The message of the prolific Piercy’s latest (Sleeping With Cats: A Memoir, 2002, etc.) seems to be that conservative politicians make bad parents as well as bad leaders.
After a stint as governor of Pennsylvania, Dick Dickenson has begun his first term as a senator and has eyes on the White House. If Dick has the requisite charm and charisma, his wife Rosemary, a cross between Nancy Reagan and Lady Macbeth (or Hillary Clinton), has the brains. Neither has much interest in third child Melissa. When younger, she tried to win her parents’ attention by excelling, but by the time she begins her freshman year at Wesleyan, she merely wants to get below her mother’s critical radar. In a nonfiction-writing class where she composes a revealing essay about feeling neglected by her parents, she meets Blake Ackerman, adopted son of anti–death penalty lawyers from Philadelphia. Melissa’s brief volunteer stint as an inner-city tutor while in prep school has raised her racial sensitivity, so she doesn’t care that Blake is Jewish and part African-American, both no-no’s in the Dickensons’ WASPy world. As Melissa and Blake’s affair intensifies, Melissa is far too interested in her sexual awakening to pay attention to hints that Blake’s interest in her father is an obsession. Blake talks in abstract, idealistic terms, but his real agenda is revenge: for political reasons, his father was wrongly prosecuted—and executed—for a police killing while Dick was governor. Melissa, besotted with Blake and resentful of her parents, unwittingly helps get the goods on Dick’s political/financial wheeling-dealing for an investigative reporter. When her parents forbid her to see Blake and threaten to pull her out of Wesleyan, she marries him. Then the real nightmare begins. Blake remains an arresting enigma: Does he really love Melissa or is he using her? The rest of the supporting characters are cardboard cutouts.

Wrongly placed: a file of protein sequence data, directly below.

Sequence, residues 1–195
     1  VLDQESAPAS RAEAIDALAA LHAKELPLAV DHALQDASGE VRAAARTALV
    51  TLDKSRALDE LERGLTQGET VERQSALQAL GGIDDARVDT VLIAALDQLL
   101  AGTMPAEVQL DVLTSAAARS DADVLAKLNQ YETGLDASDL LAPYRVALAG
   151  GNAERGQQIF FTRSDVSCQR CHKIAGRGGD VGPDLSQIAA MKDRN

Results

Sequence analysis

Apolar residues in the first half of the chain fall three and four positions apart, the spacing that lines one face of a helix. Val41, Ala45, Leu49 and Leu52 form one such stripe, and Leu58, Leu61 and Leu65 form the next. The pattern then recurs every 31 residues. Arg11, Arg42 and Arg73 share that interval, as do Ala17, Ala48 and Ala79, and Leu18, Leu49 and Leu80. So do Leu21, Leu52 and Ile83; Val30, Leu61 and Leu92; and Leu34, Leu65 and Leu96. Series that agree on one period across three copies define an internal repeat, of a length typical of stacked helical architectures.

In all: simplistic politics, convoluted plot, and a heroine too whiny and self-centered to pity.